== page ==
• Google.  The company recently announced the availability of Google Vault, which has archiving and eDiscovery capabilities for customers using Google Apps and Gmail.   eDJ is soon to be briefed on the offering.  Google is certainly messaging many of the right things and has brought on an experienced team to manage Google Vault, but it is unclear how committed the company is to offering a real eDiscovery platform approach for customers or if the messaging is simply a story for the sake of story.  At $5/user/month, the price will certainly be right for many customers and may allow Google to build an interesting customer base.
  • HP/Autonomy.  Clearly HP has a market that runs far past eDiscovery, but its Autonomy unit is very focused on the eDiscovery market and generally acknowledged as one of the leading providers within it.  That said, most successful deployments of Autonomy solutions require significant investment and resources that are typically more than non-Fortune 500 customers can afford.  The company has moved to create more affordable appliance solutions and Cloud-based solutions, but it will take some time to see if those offerings can gain traction.  Still, HP/Autonomy is the only software giant that appears to be truly committed to the eDiscovery market.
  • IBM.  This software giant bought PSS Systems last year and has now unified its product portfolio into capabilities versus products.  Instead of selling individual components like the old IBM CommonStore, IBM has taken Atlas (the legacy PSS offering) and integrated it across IBM’s information management portfolio.  IBM’s offering in the eDiscovery market now runs from the ability to issue and automate legal holds across multiple data sources, collect, cull and assess evidence; and manage custodians, collections and data source obligations.  The company also heavily pushes defensible disposition.  The strategy is to allow customers to reduce legal risks and costs at the same time, while also better managing storage costs.  IBM, with its information management breadth, can now lead with eDiscovery offerings (such as legal hold management) and move upstream into other information governance areas.  In our latest IG survey, several respondents did indicate that the Atlas product was in use to manage legal hold processes.  It is unclear what traction IBM has gained beyond legal hold management – eDJ has not seen IBM come up a lot outside of legal hold across our interactions with consulting clients, end-user inquiries, or conversations with major consulting firms.  However, the company reports closing deals with very large enterprises and its investment in the CGOC (Compliance, Governance, and Oversight Council) does give the company a voice with close to 2,000 legal, IT, and records management professionals.  If IBM can build on the base of Atlas customers, the company should be a major player in the eDiscovery and broader information governance markets.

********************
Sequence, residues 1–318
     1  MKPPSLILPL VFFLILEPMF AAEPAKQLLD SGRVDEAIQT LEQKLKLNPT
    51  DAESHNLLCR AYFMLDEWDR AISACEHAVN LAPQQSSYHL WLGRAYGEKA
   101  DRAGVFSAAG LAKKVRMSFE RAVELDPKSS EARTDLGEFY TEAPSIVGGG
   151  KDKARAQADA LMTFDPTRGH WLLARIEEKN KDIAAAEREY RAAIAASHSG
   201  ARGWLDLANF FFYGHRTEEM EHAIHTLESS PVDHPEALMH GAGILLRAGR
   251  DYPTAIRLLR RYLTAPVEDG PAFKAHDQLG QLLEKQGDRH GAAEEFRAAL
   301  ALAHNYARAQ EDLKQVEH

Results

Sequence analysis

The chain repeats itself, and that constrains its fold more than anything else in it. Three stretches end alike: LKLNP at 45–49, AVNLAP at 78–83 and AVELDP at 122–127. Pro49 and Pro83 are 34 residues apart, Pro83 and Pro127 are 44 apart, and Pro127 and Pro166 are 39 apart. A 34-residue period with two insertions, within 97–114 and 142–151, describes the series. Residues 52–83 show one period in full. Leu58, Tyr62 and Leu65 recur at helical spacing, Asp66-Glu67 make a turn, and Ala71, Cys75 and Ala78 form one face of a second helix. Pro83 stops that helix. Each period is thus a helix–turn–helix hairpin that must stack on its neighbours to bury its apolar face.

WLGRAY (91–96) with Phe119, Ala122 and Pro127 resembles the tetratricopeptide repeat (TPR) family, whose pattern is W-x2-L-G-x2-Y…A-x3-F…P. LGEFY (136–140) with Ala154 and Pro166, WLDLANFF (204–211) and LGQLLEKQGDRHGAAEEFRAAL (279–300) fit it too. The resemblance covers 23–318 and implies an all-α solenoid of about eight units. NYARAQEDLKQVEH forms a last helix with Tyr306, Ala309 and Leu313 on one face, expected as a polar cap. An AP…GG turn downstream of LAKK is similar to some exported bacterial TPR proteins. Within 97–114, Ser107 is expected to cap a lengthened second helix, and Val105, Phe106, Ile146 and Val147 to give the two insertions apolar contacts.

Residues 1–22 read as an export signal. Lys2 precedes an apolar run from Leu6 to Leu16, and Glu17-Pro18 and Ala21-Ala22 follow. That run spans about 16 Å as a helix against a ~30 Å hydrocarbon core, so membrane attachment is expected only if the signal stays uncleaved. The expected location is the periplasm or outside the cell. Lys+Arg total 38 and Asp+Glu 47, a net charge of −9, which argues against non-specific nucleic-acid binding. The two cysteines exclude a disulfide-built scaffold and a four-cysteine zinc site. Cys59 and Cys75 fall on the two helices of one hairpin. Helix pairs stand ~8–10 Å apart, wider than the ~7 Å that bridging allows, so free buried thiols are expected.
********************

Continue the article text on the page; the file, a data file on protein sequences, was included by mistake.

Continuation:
• Microsoft.  The company has increasingly built more and more eDiscovery capabilities into products like Exchange and SharePoint, but is not active in briefing eDJ on eDiscovery strategies.  From afar, it appears to eDJ that Microsoft is not yet serious about making a big push in the market.  It is easier for Microsoft to let partners create more specific solutions and then, if and when the time is right, acquire or copy the partner functionality.